Self-driving vehicles will roam New York City's streets within a few decades, marking the beginning of a sea change that will require major modifications to the city's infrastructure, according to transportation experts who addressed a forum on the topic earlier this week.
The technology has advanced rapidly during the last decade, so much so that one panelist projected that autonomous vehicles would be ubiquitous across the U.S. in 30 years. Although the shift is expected to happen in stages, with farm vehicles and freight trucks being the first expected to use the technology, the consensus is that public transportation would be close behind.
But self-driving doesn't mean driverless. In the models being developed by Tesla, Audi and Google, control is transferred between the driver and the vehicle depending on surroundings and other factors, such as road conditions. When a vehicle leaves a highway, for example, the driver can take over to navigate residential streets and traffic.
“It's essential to get the consumers and drivers to understand what the technology is, and not be afraid of it and misuse it,” said Brad Stertz, the director of government affairs for Audi.
The last thing his company wants, he added, “is for people to think, 'I can now jump in the back seat and take a nap or have a coffee or something.'”
Roughly 45 people attended the forum, which was hosted by Manhattan Borough President Gale Brewer Wednesday at the David N. Dinkins Municipal Building.
“Self-driving vehicles are quickly transitioning from science-fiction to reality, so we need to think about how they will change the world we live in,” Brewer said before the forum. “Where this technology is, where it's going, and the risks and rewards of integrating it into cities like ours are questions we need to wrestle with now, because these vehicles will be on our streets much sooner than you think.”
While the technology's assimilation into city streetscapes will be incremental, the speakers agreed that planning for it should start early, including for a host of new regulations.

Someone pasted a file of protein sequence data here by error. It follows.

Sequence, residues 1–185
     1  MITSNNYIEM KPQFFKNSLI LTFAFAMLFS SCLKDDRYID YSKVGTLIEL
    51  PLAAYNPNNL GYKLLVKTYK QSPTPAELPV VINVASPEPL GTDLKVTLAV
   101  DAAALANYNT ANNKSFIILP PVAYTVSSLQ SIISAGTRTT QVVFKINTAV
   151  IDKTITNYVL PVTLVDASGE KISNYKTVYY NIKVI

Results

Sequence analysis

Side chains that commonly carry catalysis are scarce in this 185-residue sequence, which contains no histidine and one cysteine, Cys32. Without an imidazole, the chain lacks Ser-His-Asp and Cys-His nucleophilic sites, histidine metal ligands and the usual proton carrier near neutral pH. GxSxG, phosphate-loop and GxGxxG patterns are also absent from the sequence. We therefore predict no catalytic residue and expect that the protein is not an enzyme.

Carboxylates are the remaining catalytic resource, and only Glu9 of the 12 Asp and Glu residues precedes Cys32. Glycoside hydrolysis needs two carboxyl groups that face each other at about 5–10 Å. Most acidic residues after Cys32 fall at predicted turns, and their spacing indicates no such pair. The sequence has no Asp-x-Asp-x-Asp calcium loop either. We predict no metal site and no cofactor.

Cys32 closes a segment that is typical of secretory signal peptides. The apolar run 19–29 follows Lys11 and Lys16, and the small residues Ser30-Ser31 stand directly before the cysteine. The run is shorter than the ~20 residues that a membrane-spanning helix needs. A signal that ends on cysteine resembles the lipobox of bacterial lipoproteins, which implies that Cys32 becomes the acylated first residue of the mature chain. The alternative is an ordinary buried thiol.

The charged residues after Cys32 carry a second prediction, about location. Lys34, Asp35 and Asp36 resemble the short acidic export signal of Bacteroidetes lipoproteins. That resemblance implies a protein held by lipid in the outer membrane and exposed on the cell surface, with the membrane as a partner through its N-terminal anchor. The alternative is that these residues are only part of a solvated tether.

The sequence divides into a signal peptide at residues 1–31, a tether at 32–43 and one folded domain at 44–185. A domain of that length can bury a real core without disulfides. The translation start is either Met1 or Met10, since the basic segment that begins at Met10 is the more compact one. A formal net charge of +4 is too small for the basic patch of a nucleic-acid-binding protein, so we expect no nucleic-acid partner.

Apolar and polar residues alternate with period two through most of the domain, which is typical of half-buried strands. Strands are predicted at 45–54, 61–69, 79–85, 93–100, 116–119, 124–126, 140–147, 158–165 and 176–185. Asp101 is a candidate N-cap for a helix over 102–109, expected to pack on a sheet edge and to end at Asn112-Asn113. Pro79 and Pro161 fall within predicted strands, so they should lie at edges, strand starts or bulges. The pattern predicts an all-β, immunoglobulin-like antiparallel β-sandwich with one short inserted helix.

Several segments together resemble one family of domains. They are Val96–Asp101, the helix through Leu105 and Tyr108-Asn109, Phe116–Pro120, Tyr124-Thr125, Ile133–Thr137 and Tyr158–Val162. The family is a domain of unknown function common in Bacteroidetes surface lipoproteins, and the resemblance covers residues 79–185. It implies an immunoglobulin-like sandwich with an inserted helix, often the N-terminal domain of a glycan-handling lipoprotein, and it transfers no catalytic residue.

Vehicles would have 360-degree awareness and would communicate with other vehicles and a network built into the city's infrastructure, such as sensors in traffic signals. They would also require well-maintained street markings and asphalt conditions for vehicles to navigate safely.
Regardless, prospects are promising, said Will Carry, senior director for special projects at the city's Department of Transportation. More predictable and uniform traffic flow could reduce gridlock, while less driver distraction and speeding could mean safer streets for pedestrians. People with disabilities could gain greater mobility. With the rapid growth of the electric car industry — Audi expects 25 percent of its new vehicles to be electric by 2025, Stertz said — autonomous and electric infrastructure could be designed to work together, with self-driving taxis driving themselves to charging stations when their batteries get low.
Carry said that the conversation about regulation of autonomous vehicles at the federal level doesn't currently consider cities, but should. Jeff Garber, director of technology and innovation at the New York City Taxi and Limousine Commission, said that consumer protections, vehicle safety standards and accessibility for all New Yorkers will be essential to a system that is truly beneficial to the city.
“In the best case scenario, all the positives of autonomous vehicles will show up on their own, but they won't necessarily do it without some regulation to nudge them in the right direction,” Garber said.
Joanna Oltman Smith, 46, a Park Slope resident and a member of Community Board 6 in Brooklyn and an advocate for safe streets, suggested that the city had miles to go before New York could safely accommodate the self-driving vehicles.
“What I had not thought about is this need for the infrastructure to be in impeccable condition to maintain safety for our street users,” she said, “and all you have to do is step outside and see the conditions of our road markings on the city level, and they're not up to the right level that they're going to need to be to support this kind of vehicle.”